She felt she could beat it right up to the end and left us with grace and dignity. I kissed her cheek, told her I loved her and that I would be back in a few days. She took my hand, thanked me and said, "Please come back." This was a lesson to never put off anything in life, if at all possible. We can all learn from Margie who handled everything with grace and humor. She will be missed by so many from all walks of life.”
From Judi Stiff:
I met Coop about 30 years ago. It was a set-up match by my boss at the time. I was a young pro coming from Michigan, and I thought I was “all that." The match was to take place on center court, and Coop was 20 minutes late - and I was irritated. I didn’t know anything about Margie, except she was a member and a lawyer. All of a sudden I saw this women who was crossing the parking lot in long shorts and a tee shirt, carrying a paper bag and a outdated racquet, I thought - No Way! I allotted time for this? After warming up, she started drinking beer, and the more she had, the worse I got (or the better she got). I quickly realized I didn’t know how to play on clay courts. After a couple of hours and me winning a few points, we became fast friends. Any success over the years on clay, I always credited Margie with teaching me how to play. Margie will be missed by so many people...but I know she’s giving someone a clay court lesson in heaven.
From Pat Greer:
“I lost my best friend this week, and my first thought was, Margie is playing in heaven with the angels and teaching them a few new shots. Somehow that brought comfort. More than that, the outpouring of love, care, and empathy made me realize how lucky we are to have our friends and our wonderful tennis family.
Margie was a consummate tennis ambassador. She was always willing to pay it forward for anyone who showed the least bit of interest in tennis and especially when she saw a young person with exceptional talent. She always said that the sport gave her so much more than anything she could do in return, but she tried to even it out when she could.
Tears are words that the heart can't say and there have been plenty, but Margie was so full of life and fun and would want to be remembered with a smile, some laughter, a party and a beer before the third set. She was Captain Cooper to many who knew her off the court and loved her days on the Florida/Bahamas waters. She lived every day at full throttle and when not working away in her office on a full caseload, would grab her racquet and head for a tennis court.
She started out playing, along with her two brothers, on a court in North Miami with a new pro in his first job -- Nick Bollettieri. Nick knew immediately that those three children had a great deal of potential and they took to the sport like they were born to play the game. All three, as well as their younger sister, played top college tennis, Margie at Rollins College and her siblings for Clemson. Margie always said that wherever she went, she had instant friends when she walked onto a tennis court. It didn't matter what country or what language, the welcome was always there.
Life goes on, as it should, and the memories we make along the way are with us forever. Our loss goes deep, but not as deep as the love and the realization that those we lose are not lost. They are just playing the game at a higher level in a larger venue.”
Funeral services will be held on Monday, January 21 at 4:00 pm at Quattlebaum Funeral Home, 5411 Okeechobee Blvd, West Palm Beach, FL. The family kindly requests no flowers. Instead, donations may be made to Rollins College, and designated for Women’s Tennis. Send checks to David Cooper at 1807 Barker Dr., Winter Park, FL 32789.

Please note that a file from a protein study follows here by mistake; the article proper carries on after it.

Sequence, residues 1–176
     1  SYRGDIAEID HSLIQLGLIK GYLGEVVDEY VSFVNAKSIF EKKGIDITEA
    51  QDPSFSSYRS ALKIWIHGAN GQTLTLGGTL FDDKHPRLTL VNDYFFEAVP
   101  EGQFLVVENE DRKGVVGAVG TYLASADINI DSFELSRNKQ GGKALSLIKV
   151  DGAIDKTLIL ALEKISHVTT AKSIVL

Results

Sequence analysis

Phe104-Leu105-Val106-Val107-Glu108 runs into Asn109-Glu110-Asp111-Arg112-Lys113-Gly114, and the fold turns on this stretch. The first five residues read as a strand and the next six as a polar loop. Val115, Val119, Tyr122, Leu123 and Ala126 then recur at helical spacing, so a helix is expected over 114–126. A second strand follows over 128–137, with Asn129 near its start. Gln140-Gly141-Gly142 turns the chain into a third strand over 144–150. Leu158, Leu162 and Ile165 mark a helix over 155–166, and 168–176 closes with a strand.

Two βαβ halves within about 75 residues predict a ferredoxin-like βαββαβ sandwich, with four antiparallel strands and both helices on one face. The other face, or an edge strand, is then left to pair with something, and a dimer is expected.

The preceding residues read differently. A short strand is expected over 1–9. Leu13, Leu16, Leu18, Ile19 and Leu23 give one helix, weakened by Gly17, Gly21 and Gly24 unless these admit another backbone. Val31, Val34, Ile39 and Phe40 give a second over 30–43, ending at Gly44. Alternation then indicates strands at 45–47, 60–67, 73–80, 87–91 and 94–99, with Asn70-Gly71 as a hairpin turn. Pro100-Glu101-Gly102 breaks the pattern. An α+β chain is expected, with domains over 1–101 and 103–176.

Margie and sister Libby
Palm Beach, 2016
Photo credit: Lu Fendig
2020 Friendship Cup
The Ralph and Mary Wilson Friendship Cup Application for the summer of 2020 is available now. Click here
Our Silent Auction is Coming Up!
Happy New Year! Hopefully you have had a great start to 2019. We are looking forward to seeing many of you in Houston, TX for the USTA National Clay Court Championships held March 25-31, 2019.
It is at this tournament that the National Senior Women’s Tennis Association (NSWTA) holds the annual Silent Auction which serves as one of our largest fundraising events. We hope that you will be generous with your donations as they will provide funds enabling the NSWTA to continue its important work throughout the year. Let’s make it even better than last year. If anyone would like to co-chair or help us with this event, please contact Margaret Lumia at email@example.com
Please fill out the Silent Auction Donation form and send your items together to:
Julie Gillaspie. 8406 Rayline Drive
Houston, TX 77055
(Or bring them along with you to the tournament)
Two New England Tournaments
Find New Homes
... The Hard Court Senior Slam will be held at the Guilford TC, Guilford, CT
from June 6-9. Matt Fraenza will be the tournament director as he was when it
was held at Yale. More info
... the Grass Senior Slam will be held Sept 12-15 at the Essex County Club, Manchester by the Sea More info
...The Clay Senior Slam remains at the Concord CC, but will be split between two weekends, one in July and one in August.
National Age Division Tournaments Open to IPIN Members
The USTA Category I Nationals for ages 35-85 men, women, and mixed will have Grade A status in 2019. In addition, 10 other Super Category II Tournaments (tba) will have Grade 1 Status in 2019.
◦ Only players who have purchased an IPIN (itftennis.com/IPIN) prior to the start of the tournament ($25) will receive ITF points
2019 ITF Seniors World Championships
The ITF are pleased to announce the locations for the following tournaments:
Men's Senior Tennis Website
Stay in touch with the National Senior Men's Tennis Association (NSMTA) at www.nsmta.net.
Enter "National Senior Womens Tennis
Foundation" in the Search field.
Looking For Tennis
CuteTennisStuff.com provides tennis gifts and accessories, and now NSWTA Logo apparel and merchandise in the Tennis League Wear section. Enter promo code “NSWTA” and receive free shipping on your entire order of $25 or more! Start shopping! click here
Created by NSWTA member Lois Harris and Kathy Wicks.